Monday, April 21, 2008

The Family Farm layout

Here are my new layouts for the design team I'm on at Yellowbird Scrapbook Store. We were assigned to do a "heritage" layout using this K & Company family scrapbooking kit. Its not my normal style AT ALL but I thought I'd give it a try. I had a bunch of old pictures from my dad's side of the family. Most of the pictures I had were about farming so I took this as an opportunity to tell the story of how the family farm has changed over the years. You can read the journaling below.

Here's the first page of the layout "THEN":
Here's the second page "NOW"

I love how the journaling worked out. I had a lot to say and a lot more pictures so I created a mini-album with a gate fold on the layout.

Here's what the journaling says on the inside:

The Girard family has been farming as far back as I know. My great-grandfather, Narcisse Girard, originally bought the farm that I call “home” in 1929. Prior to this farm, they rented land and farmed east of Marshall and around Ghent, Minnesota.

In 1929, when my great-grandfather bought this land west of Marshall, Minnesota, he had 240 acres of land, a dozen horses, a dozen kids, and a lot of courage. Farming was, and still is, hard and risky work. If you don’t do your work or you have a bad year, your family doesn’t eat. Families were much larger then than they are now. The average size of a farm before the 1950’s was about 160 acres. If you had a large family (more labor) like ours was, the average size of that farm was 240 acres. Crops that were grown during that time were mostly oats, corn, and wheat. Many of those crops were grown to feed livestock. See the photo on the left (top) showing them thrashing grain with a team of horses.

The Great Depression brought hard times to the farm in the 1930’s. As a matter of fact Narcisse Girard almost sold the farm in 1935 because he didn’t want to pay the taxes on it. His brothers convinced him to try one more year and that next year made all the difference in the future of the family.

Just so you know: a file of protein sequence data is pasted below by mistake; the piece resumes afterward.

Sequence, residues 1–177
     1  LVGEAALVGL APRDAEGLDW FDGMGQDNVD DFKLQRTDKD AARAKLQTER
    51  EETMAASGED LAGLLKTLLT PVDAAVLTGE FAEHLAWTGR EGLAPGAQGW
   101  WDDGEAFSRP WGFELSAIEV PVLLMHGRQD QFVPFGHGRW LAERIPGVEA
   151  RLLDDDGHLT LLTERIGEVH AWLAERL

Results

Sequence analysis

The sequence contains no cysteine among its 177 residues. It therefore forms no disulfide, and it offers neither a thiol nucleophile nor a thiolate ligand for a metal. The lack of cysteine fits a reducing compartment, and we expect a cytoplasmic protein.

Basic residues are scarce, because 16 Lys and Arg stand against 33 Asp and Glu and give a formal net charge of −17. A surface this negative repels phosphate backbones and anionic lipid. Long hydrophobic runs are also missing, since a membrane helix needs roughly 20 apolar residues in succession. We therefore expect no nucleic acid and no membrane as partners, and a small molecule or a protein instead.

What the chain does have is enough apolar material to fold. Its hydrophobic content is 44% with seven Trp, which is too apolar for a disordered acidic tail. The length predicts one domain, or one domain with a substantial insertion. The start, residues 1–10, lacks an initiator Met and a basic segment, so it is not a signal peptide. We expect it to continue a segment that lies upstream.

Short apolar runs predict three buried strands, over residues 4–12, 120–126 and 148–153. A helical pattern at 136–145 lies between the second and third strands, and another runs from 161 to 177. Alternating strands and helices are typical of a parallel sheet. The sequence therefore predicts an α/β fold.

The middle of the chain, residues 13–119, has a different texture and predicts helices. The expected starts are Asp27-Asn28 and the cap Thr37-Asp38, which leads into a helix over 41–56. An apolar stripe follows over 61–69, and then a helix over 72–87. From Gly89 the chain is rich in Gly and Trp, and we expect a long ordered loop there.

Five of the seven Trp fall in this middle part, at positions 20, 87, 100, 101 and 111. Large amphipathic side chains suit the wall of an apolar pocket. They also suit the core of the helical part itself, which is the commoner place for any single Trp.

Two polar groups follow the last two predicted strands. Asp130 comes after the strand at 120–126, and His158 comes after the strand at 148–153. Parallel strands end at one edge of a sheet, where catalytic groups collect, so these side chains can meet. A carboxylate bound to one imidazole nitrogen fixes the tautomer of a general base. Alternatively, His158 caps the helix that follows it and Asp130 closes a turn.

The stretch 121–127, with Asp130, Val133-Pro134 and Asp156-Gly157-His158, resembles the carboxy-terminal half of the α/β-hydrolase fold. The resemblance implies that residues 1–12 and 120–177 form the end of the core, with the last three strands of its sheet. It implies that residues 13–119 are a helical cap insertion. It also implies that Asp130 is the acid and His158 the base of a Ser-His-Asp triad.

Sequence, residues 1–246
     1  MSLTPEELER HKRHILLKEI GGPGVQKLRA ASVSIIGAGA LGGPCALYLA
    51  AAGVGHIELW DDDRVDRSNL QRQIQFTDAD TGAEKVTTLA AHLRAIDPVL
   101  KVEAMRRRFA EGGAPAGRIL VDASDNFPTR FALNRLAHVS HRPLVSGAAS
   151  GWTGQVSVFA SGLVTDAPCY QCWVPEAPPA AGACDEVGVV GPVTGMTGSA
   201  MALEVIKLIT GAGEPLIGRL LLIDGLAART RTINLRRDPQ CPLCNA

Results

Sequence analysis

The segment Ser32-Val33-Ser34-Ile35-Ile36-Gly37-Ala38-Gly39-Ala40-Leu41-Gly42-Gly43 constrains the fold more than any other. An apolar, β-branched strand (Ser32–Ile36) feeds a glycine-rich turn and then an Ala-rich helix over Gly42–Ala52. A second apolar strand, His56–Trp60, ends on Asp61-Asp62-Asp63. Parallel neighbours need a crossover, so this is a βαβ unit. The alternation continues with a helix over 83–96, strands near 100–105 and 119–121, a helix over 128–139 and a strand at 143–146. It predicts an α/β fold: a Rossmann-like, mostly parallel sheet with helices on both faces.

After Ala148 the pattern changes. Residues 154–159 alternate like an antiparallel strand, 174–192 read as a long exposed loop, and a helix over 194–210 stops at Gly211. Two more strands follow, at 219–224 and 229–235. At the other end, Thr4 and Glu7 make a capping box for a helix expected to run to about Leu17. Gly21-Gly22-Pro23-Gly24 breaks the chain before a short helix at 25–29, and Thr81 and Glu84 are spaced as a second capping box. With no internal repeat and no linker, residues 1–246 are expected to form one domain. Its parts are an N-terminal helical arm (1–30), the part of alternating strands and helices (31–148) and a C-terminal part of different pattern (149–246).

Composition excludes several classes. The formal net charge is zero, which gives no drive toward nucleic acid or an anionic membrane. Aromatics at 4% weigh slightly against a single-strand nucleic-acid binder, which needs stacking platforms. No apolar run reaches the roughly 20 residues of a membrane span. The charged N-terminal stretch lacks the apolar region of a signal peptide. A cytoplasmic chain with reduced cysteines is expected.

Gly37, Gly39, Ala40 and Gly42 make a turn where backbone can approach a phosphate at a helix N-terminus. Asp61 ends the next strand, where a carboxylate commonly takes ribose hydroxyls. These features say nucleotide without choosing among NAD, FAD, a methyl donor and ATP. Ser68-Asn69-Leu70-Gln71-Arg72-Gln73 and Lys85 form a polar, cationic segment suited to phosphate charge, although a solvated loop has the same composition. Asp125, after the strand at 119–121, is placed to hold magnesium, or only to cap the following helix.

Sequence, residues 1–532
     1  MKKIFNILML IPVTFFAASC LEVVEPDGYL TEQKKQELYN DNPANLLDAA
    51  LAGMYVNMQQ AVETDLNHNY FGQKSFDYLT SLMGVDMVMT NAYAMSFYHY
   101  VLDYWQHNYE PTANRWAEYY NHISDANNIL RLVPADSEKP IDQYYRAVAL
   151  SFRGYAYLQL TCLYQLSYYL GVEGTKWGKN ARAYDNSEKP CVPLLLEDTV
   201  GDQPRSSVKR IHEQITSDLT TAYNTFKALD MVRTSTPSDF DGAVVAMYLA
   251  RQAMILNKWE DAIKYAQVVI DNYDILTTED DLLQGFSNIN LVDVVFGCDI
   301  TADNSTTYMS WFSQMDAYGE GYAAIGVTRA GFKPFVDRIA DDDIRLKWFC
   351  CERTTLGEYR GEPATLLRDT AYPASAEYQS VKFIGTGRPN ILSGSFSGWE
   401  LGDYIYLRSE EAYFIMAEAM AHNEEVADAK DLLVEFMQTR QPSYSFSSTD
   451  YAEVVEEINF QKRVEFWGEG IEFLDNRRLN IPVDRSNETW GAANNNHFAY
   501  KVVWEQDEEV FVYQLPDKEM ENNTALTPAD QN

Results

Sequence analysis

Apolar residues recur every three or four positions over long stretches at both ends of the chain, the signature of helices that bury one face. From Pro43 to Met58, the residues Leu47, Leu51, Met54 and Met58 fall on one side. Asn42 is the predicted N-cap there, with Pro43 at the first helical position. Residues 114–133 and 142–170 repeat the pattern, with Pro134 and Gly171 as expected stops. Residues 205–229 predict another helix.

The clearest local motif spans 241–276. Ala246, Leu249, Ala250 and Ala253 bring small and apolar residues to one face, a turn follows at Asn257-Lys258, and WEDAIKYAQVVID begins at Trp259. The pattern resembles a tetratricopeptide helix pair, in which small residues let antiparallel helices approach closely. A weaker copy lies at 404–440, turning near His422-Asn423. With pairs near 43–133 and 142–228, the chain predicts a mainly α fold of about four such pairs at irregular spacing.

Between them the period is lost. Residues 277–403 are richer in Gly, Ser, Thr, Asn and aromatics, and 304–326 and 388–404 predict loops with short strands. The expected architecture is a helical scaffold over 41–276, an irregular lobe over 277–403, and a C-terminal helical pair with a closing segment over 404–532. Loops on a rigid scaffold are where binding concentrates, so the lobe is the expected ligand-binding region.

Times changed, Narcisse and Sarah Girard’s children grew, and my grandpa, Clement Girard, inherited the farm. His brother, Louis Girard, built the barn pictured here in 1949. The biggest change to farming in the last century was the advancement in machinery. On our farm, tractors were first used in the late 1930’s. (Look at this newspaper clipping, on the back page, of my grandpa (Clem) going on a trip to buy an Allis-Chalmers tractor. It was a big deal! And my Dad still uses that tractor today.) By the early 1950’s the last team of workhorses were retired. With less livestock to feed and better machinery, soybeans became a popular crop in the late 1950’s.

The advancements in agricultural technology have grown exponentially since the 1950’s. Now, my Dad, Donald Girard, owns the farm and it is about 1000 acres. The crops now are mostly half soybeans and half corn. Some corn goes to feed cattle but the majority of it is for sale. On today’s farm there are several tractors and attachments and no horses. And sadly, there are also no kids at “home” learning how to farm from my Dad. So, what will happen to our family’s farm in the future? It’s anybody’s guess. Two things are for certain: First, my Dad is going to farm as long as he is physically able to and secondly, everyone who has been a part of this family is proud of their farming history and it will not be simply forgotten.

Make it a great day today!

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